After discussion of the clinic, the four Siebenburgen rulers – Nova, Prince of Mediasch; Iulia, Prince of Weissenburg; Bernhard, Prince of Kronstadt; and Veceslav, Knez of Tihuta – prepared to discuss politics. In a rather transparent attempt to get rid of me, presumably to prevent me stifling the talks with my moralising, Bernhard suggested I take Erzebet hunting. In fact, I was more than happy to comply, since I knew the conversation would inevitably turn to Nova’s demands for cooperation in the blood hunts against Mitru and Marusca, which would be followed by obfuscations or outright lies by the others regarding their willingness to help her in this. So, I spent a lovely evening in the company of the charming and convivial Erzebet, procuring the services of whores, and trying to make sure she didn’t tear out their throats while feeding.

We arrived in Kronstadt two nights later. We convened at Lukas’s leper colony along with Kronstadt’s Cainite residents so that Bernhard could attend to any Princely business. However, I noticed that in his case Princely business doesn’t seem to involve actually ruling anyone, but perhaps this is for the best given his lack of wisdom, judgement, charisma, intellect, common sense, vision, tact, likeability, maturity, logic, reason, humility, perceptiveness, competence, self-awareness, insight, patience and grace.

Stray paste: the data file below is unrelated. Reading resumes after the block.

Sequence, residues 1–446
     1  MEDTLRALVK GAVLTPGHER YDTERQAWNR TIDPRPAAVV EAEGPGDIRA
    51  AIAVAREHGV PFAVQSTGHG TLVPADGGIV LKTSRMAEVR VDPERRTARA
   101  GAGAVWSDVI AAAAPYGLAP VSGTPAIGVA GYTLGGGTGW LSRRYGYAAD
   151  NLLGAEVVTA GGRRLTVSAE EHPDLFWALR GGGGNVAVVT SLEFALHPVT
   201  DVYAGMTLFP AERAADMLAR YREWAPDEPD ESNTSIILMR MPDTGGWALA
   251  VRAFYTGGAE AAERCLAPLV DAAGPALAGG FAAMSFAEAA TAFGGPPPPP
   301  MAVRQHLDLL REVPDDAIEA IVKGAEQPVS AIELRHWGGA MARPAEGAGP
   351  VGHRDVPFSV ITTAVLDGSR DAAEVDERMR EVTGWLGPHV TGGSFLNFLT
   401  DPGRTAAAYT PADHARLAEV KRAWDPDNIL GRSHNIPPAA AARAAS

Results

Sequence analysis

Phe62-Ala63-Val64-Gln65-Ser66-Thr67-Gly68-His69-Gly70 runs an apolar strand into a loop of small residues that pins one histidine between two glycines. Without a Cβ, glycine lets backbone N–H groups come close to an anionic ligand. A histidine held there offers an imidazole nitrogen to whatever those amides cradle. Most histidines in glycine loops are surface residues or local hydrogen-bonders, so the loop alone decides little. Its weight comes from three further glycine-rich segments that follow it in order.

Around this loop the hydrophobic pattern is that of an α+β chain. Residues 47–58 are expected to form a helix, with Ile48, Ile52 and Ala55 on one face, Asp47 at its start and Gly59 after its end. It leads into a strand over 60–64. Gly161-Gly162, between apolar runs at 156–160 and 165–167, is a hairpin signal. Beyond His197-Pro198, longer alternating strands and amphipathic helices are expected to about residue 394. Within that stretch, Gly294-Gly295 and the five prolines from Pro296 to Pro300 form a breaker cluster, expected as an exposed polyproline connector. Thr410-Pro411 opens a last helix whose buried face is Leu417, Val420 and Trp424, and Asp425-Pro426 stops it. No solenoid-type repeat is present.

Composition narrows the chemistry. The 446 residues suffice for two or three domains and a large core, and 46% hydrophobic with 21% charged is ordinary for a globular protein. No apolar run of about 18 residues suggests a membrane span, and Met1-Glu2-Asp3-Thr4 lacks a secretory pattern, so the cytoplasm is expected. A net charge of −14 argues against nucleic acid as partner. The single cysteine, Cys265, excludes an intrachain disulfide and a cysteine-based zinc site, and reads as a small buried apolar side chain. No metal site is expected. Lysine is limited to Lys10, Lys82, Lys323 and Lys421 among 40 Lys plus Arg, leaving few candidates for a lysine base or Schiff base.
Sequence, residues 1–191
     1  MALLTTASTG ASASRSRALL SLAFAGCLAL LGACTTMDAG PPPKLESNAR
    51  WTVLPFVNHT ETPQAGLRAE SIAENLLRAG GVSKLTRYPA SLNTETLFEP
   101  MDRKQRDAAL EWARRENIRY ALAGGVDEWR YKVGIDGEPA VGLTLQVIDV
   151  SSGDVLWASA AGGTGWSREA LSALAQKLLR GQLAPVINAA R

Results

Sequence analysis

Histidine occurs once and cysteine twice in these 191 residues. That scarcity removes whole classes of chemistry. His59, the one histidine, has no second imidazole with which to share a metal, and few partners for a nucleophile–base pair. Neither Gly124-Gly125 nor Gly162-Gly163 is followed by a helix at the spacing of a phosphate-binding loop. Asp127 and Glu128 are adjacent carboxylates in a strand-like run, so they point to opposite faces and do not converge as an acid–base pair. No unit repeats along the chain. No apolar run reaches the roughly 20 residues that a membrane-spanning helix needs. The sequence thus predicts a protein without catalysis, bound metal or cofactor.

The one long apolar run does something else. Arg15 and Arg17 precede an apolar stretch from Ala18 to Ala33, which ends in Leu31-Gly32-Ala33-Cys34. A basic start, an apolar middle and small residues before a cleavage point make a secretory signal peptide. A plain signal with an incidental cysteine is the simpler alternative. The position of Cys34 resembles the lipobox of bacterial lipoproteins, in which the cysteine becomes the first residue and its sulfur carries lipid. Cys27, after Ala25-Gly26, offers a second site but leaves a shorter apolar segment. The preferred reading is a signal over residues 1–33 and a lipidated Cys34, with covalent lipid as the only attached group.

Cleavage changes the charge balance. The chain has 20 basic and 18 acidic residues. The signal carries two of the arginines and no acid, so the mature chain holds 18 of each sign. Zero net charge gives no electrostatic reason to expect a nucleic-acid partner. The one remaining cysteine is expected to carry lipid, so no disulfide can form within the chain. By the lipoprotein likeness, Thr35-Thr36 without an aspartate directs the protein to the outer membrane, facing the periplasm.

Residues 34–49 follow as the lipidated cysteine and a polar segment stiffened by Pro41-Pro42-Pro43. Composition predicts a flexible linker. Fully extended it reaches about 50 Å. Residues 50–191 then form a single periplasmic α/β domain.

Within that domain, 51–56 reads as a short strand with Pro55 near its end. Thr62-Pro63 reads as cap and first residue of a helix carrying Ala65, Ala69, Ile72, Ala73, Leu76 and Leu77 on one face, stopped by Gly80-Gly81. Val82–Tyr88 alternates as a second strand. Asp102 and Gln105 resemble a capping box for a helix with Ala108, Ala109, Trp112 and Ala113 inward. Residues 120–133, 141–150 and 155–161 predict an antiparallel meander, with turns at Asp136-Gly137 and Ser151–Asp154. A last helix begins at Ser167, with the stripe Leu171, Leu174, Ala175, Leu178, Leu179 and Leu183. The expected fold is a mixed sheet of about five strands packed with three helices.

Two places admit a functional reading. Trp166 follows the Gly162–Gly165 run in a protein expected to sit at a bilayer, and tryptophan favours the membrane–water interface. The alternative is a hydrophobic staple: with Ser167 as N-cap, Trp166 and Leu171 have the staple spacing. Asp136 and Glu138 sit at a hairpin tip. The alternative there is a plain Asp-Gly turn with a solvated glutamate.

Two nights later, we set out shortly after dusk for the last leg of our trip to Toth.

Early March 1203

After a journey through appalling winter conditions, we finally entered the narrow Borstral Pass and saw Toth up ahead. The village of Toth is home to about 650 people, while a mile away sits Toth castle, a two-storey affair built into the mountainside itself. At the castle we were welcomed by the major domo, Petre Carp, who after consulting with his master invited us to dine with them that evening. An emotional reunion between Erzebet and her father and siblings was conspicuously absent. In fact, I might have almost felt sorry for her if she wasn’t such a callous and mean-spirited little bitch.

At dinner we were introduced to the Boyar, Erzebet’s brother, Devalt, who seemed an ordinary mortal in his fifties, and their younger brother, Killian, also mortal, but seemingly a ghoul given that he appeared to be in his mid-twenties. Also present was their Moorish-appearing “advisor”, Magib, who was clearly a vampire. Over the course of the conversation it became clear that Magib was, in fact, Bodor Toth himself, having presumably flesh-crafted himself a new appearance long ago, perhaps to coincide with his “death”. We also learned of another sister, Angyalka, living with the common folk down in the village. If given a chance I will seek her out – she may be the sole voice of reason and compassion in the whole benighted family.

After some rather contrived and awkward small talk, the conversation eventually turned to the matter of Farkas’s death and the Toth family’s plans for revenge. I told them in no uncertain terms that their attempts at revenge were both morally repugnant and entirely ineffective given that it was the blameless people of Zara who suffered from Erzebet’s depredations, while the zealots who murdered Farkas remained unaffected. Devalt responded callously, claiming to be unconcerned about the welfare of foreigners in a foreign city, as long as his brother’s murderers were made to suffer. How refreshingly vampire-like.

After a further series of verbal volleys, the debate seemed to end in a stalemate. Devalt said that he would consider our words and inform us of his decision later.